During November, I write for a few minutes. Then I stop. I ponder. I reconsider. I go backwards. I tweak. I add words. I rearrange paragraphs. I interject conversations.

I edit. Line by line. And while, on occasion, that results in the deletion of words, the net effect is always, always, an increase in word count.

Unfortunately, this line-editing process does mean that I move slowly. Sometimes embarrassingly slowly. A few years ago (much to the perverse delight of my local Wrimos) I wrote 67 words during a 15-minute sprint. That's… not fast. That's the opposite of fast. Writing 1,667 words a day--words I'm willing to live with--takes me forever. So, when people say they're busy during November, I tend to roll my eyes. Busy? You have no idea.

It's my own fault, but every day of November is an exercise in iteration. I have no idea what “linear writing” means. I prefer loop-de-loops and spiralling detours. A self-inflicted molasses-slow meandering path to my daily word count.

And then, the next day, when I first open my manuscript? That’s when I get truly masochistic. Before I type a single new word, I reread my scenes from the previous day. I kickstart my complacent characters. Then I stand back and see how they react to my poking and prodding. If it's boring, I go back in and do it again. With flair and panache. Rinse and repeat, until my re-re-re-read elicits a grin.

Once I'm happy with my new, revised scene, I rinse and repeat.

Write. Line edit. Sleep. Kickstart.

The end result has been, historically, a manuscript that's passable. Not necessarily a first draft, but not exactly a zero draft either. Zero point five. Zero point seven, if I let my ego speak its mind.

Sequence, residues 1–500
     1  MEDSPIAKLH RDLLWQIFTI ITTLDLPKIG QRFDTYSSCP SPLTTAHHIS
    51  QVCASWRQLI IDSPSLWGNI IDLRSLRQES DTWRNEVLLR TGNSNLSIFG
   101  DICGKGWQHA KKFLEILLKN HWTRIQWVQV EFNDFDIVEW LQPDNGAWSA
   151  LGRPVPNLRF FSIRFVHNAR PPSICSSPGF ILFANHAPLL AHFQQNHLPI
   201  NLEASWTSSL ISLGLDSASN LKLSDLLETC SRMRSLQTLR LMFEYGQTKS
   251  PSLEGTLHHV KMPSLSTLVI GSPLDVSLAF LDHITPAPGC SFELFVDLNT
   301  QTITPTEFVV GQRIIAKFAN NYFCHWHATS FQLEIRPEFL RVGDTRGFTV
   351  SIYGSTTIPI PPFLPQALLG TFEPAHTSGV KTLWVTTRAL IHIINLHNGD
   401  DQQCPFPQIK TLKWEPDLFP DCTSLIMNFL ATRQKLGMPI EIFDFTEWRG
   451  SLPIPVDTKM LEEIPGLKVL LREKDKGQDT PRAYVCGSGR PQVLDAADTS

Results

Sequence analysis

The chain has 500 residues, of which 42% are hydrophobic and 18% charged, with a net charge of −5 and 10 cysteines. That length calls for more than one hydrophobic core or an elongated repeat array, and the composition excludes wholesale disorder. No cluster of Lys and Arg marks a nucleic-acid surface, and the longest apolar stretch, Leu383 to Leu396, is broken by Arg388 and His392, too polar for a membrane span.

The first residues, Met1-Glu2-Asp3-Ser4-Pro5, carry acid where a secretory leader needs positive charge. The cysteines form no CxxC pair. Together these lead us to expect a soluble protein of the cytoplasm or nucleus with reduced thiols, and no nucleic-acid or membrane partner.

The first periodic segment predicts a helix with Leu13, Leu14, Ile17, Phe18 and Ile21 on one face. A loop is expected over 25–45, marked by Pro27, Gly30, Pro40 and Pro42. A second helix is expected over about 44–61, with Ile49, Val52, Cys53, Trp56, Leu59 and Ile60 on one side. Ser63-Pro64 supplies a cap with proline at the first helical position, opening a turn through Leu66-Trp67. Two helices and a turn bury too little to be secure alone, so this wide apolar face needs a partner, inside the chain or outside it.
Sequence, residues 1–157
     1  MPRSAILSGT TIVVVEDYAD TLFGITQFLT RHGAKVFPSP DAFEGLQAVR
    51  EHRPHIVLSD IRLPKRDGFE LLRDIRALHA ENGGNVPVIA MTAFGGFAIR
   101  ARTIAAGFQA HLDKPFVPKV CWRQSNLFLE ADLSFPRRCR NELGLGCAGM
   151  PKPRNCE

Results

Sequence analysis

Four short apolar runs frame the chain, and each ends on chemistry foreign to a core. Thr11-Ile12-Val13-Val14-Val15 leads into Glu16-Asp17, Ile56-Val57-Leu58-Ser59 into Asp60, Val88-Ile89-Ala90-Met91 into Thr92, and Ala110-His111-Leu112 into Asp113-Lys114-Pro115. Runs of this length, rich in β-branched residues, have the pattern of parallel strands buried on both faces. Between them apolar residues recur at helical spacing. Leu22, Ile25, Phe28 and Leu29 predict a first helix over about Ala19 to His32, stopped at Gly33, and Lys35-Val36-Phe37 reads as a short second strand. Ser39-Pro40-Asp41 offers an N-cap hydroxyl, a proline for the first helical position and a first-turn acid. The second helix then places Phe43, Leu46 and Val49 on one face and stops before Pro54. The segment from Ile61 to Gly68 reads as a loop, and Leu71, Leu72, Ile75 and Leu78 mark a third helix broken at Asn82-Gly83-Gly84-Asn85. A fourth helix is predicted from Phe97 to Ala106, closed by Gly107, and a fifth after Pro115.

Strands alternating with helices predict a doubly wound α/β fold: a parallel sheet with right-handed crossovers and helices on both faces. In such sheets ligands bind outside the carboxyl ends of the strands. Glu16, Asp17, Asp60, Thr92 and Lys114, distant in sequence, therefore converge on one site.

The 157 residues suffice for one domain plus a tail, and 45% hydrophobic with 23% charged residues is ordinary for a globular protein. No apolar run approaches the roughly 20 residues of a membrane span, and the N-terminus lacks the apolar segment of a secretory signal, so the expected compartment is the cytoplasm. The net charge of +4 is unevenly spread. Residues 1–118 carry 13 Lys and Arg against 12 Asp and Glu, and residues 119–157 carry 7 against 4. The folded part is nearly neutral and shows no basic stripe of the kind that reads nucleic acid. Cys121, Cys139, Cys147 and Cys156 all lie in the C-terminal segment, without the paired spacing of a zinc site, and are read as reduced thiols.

ted boone

So, yeah. I edit. It's part of my process, and for me, it works.

Don't agree with me? Cool. Have your own process that works? More power to you. And if anyone tells you your approach is wrong?

Write them into your novel for a little prodding of their own.

Ted Boone was born in Wilmington, Delaware. An avid fan of National Novel Writer's Month, Ted has authored numerous SF manuscripts during the month of November, but not yet pursued publication for his novels. Ted currently works as an Instructor for the Mays Business School at Texas A&M University.


New Agent Alert: Tasneem Motala of The Rights Factory

New literary agent alerts (with this spotlight featuring Tasneem Motala of The Rights Factory) are golden opportunities for new writers because each one is a literary agent who is likely building his or her client list.


Timothy Miller: The Alluring Puzzle of Fact and Fiction

Screenwriter and novelist Timothy Miller explains how he came to write historical fiction and how research can help him drive his plot.


Dr. Munish Batra and Keith R.A. DeCandido: Entertainment and Outrage

Authors Dr. Munish Batra and Keith R.A. DeCandido explain how they came to co-write their novel and why it's important to them that the readers experience outrage while reading.


Incite vs. Insight (Grammar Rules)

Learn when to use incite vs. insight with Grammar Rules from the Writer's Digest editors, including a few examples of correct usages.


Jane K. Cleland: On Writing the Successful Long-Running Series

Award-winning mystery author Jane K. Cleland describes what it's like to write a long-running book series and offers expert advice for the genre writer.

writer's digest wd presents

WD Presents: #StartWrite, Virtual Conference, and New Courses

This week, we’re excited to announce free resources to start your writing year off well, our Novel Writing Virtual Conference, and more!


20 Most Popular Writing Posts of 2020

We share a lot of writing-related posts throughout the year on the Writer's Digest website. In this post, we've collected the 20 most popular writing posts of 2020.


Carla Malden: Writing With Optimism and Innocence

Screenwriter and author Carla Malden explains why young adult fiction and the '60s go hand-in-hand and how she connected with her main character's voice.